Covert Technologies Plato Class A ripping music server

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Music servers and computer audio
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Convert Technologies Plato Class A
Covert Technologies Plato Class A ripping music server

A lot has happened with the Plato all-in-one streamer, recorder, and amplifier since the last one came my way nearly a year ago, not the least of which is the company has changed its name from Entotem to Convert Technologies; not because it went bust, but because no one could pronounce the word! The Plato itself is a rather more polished piece of kit than it was; build and finish feel a lot better, thanks in part to a matt rather than high gloss paintwork (the latter is still available at a premium). The big change, however, is there are now four Platos: Lite starting at £1,899; Pre/source without amplification from £2,400; the standard model at £2,999, and this range topping Class A version with a 2TB HDD for £3,999. You can have SSDs up to the same size if that appeals.

In all its guises, the Plato is a comprehensively equipped device that can stream music and movies from onboard and/or offboard libraries. It also has a phono input with variable loading in software and a remarkably well thought out recording function to enable vinyl ripping. Oddly, there is no means of ripping silver discs save for recording them in real time from a CD player. Loading digital music files can only be achieved via USB; you stick a drive into the socket on the front and use the touch screen to have its contents imported into the Plato. It is also an internet radio with full search facilities for tracking down your favourite station without trawling through categories – a much appreciated upgrade on most of the competition. There is also now a fully formed Plato app to run the device; this is Android based as is the OS for the machine itself and currently doesn’t allow streaming services like TIDAL on the player. You can, however, use a Chromecast dongle to achieve the same ends at a very reasonable price.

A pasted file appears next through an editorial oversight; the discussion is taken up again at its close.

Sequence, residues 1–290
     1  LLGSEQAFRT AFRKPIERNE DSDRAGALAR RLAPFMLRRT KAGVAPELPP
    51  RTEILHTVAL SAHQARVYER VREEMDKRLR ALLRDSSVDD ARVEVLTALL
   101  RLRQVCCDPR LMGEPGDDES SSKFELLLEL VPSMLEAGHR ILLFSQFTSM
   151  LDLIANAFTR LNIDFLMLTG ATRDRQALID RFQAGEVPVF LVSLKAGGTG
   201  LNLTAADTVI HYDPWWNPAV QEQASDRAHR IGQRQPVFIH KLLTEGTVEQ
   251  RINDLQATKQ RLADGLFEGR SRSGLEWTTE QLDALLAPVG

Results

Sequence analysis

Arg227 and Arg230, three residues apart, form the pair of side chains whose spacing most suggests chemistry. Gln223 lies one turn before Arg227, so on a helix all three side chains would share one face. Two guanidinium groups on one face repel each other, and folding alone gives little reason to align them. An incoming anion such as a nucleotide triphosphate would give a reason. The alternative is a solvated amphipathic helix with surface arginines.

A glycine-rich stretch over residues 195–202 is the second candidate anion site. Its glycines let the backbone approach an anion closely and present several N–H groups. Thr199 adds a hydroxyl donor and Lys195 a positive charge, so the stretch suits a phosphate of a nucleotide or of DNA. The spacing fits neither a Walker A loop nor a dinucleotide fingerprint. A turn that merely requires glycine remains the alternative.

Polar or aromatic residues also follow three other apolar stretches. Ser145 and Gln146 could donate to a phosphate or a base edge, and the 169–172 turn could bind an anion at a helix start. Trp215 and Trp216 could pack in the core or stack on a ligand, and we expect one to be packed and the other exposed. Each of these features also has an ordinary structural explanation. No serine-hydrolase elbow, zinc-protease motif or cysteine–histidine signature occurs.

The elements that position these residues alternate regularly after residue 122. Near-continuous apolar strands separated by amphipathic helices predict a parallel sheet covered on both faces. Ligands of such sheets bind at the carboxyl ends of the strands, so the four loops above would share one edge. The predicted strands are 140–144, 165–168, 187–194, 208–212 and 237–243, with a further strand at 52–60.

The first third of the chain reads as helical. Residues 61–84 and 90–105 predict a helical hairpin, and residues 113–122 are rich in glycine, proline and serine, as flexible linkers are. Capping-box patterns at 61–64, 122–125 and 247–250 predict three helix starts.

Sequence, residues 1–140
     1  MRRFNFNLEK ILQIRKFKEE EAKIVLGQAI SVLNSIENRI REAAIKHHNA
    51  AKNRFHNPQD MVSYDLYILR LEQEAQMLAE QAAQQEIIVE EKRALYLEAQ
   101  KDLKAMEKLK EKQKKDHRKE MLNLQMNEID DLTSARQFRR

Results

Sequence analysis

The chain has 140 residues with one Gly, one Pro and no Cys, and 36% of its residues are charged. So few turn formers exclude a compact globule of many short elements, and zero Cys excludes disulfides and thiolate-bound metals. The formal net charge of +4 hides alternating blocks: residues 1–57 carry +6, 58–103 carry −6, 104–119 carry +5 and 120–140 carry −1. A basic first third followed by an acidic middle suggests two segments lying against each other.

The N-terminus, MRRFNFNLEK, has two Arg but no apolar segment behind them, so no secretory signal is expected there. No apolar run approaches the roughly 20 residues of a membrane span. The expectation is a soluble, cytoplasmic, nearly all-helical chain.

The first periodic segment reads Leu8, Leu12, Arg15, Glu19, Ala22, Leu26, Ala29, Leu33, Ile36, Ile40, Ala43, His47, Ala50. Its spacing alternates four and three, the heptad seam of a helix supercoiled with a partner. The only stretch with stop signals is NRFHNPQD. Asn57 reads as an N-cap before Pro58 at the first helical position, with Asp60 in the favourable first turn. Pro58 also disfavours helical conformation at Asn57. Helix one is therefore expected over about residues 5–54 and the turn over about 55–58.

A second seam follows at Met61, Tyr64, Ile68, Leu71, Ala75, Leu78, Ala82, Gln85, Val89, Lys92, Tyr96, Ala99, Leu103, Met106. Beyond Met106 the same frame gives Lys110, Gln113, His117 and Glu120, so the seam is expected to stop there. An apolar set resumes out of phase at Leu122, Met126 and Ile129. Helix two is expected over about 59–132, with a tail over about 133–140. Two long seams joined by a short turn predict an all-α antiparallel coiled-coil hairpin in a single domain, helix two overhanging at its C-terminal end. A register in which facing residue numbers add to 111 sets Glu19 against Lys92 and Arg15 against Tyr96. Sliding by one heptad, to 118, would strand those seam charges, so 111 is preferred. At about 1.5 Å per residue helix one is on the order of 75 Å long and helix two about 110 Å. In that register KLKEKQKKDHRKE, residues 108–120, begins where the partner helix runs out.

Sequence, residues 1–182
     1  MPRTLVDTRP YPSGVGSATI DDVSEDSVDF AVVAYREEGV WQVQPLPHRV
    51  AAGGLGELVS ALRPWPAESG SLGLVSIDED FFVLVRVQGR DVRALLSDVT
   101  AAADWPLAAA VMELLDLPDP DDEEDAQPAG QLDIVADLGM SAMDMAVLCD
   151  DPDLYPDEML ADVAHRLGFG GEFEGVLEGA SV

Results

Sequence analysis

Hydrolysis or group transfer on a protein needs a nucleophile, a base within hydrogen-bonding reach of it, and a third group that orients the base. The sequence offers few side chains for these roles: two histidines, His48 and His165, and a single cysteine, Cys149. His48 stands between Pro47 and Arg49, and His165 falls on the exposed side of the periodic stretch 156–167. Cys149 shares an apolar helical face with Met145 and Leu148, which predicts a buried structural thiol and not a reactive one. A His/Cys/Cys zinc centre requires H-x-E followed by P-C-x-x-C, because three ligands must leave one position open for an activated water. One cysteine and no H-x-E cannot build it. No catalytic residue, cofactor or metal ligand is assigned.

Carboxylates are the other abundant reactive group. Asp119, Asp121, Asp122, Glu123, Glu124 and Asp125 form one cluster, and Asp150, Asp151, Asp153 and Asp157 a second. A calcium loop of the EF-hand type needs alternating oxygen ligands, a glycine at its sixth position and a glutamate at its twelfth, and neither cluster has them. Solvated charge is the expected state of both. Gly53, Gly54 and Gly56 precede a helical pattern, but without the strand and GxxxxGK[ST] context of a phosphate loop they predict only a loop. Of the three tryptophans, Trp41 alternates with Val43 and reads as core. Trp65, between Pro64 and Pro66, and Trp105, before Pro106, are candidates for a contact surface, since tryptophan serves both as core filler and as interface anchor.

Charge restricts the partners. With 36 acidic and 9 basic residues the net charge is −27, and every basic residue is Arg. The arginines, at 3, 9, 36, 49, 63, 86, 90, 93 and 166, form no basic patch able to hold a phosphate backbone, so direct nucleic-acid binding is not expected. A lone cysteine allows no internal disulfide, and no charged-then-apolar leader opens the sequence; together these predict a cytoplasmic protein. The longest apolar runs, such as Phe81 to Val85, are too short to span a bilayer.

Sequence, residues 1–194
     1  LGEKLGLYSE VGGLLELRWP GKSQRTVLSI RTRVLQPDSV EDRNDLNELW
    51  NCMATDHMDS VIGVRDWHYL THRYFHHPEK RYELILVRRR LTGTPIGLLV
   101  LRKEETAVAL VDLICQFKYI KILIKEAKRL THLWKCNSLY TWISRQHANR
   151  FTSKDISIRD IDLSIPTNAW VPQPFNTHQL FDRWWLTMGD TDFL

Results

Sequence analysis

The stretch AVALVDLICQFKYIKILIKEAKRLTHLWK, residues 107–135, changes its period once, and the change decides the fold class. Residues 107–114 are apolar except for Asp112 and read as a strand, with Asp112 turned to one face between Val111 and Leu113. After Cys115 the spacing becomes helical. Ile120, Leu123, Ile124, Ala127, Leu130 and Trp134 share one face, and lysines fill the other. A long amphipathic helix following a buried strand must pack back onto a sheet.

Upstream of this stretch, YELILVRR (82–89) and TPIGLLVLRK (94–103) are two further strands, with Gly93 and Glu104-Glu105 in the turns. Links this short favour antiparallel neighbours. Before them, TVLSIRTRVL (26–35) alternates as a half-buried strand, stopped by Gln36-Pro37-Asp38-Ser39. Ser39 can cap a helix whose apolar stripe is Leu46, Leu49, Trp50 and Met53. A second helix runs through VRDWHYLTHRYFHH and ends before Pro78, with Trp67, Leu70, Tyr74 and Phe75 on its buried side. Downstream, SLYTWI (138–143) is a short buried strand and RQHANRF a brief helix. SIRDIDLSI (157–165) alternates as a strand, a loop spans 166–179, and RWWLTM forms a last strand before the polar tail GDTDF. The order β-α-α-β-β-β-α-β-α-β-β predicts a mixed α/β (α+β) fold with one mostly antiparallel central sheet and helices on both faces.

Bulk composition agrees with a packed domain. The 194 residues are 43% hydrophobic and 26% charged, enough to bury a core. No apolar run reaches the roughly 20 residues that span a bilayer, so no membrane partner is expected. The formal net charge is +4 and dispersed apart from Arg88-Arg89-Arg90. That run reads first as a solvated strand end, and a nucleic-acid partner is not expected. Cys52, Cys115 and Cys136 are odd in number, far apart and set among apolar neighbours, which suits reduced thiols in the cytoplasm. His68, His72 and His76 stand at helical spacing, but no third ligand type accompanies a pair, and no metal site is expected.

As the name implies, this Plato has a Class A amplifier onboard, which seems like a radical choice for a product that appears to be aiming at the wider market place, but an admirable choice nonetheless. It has a thicker bass and extra (hidden) metalwork to cope with the heat implications of this purist technology but is not a typical example of its kind. If it were a classic Class A design, it would need a lot more heatsinking, even a 15 Watt output needs a lot of cooling power if your output devices are going to be on all the time. What Convert has done is develop a feed-forward system to enable Class A operation that converts the incoming signal to digital (if necessary) and samples it to assess signal size. It uses this data to adjust the bias of the output transistors, which means that they are only ‘on’ as much as and for as long as they need to be. It’s a variable scaling system that means you can have Class A  sound without large amounts of heat. If demand gets too great for the available Class A power, it switches to Class B, which takes output up to 50 Watts. It seems like a clever idea, especially if you are dealing with digital signals.

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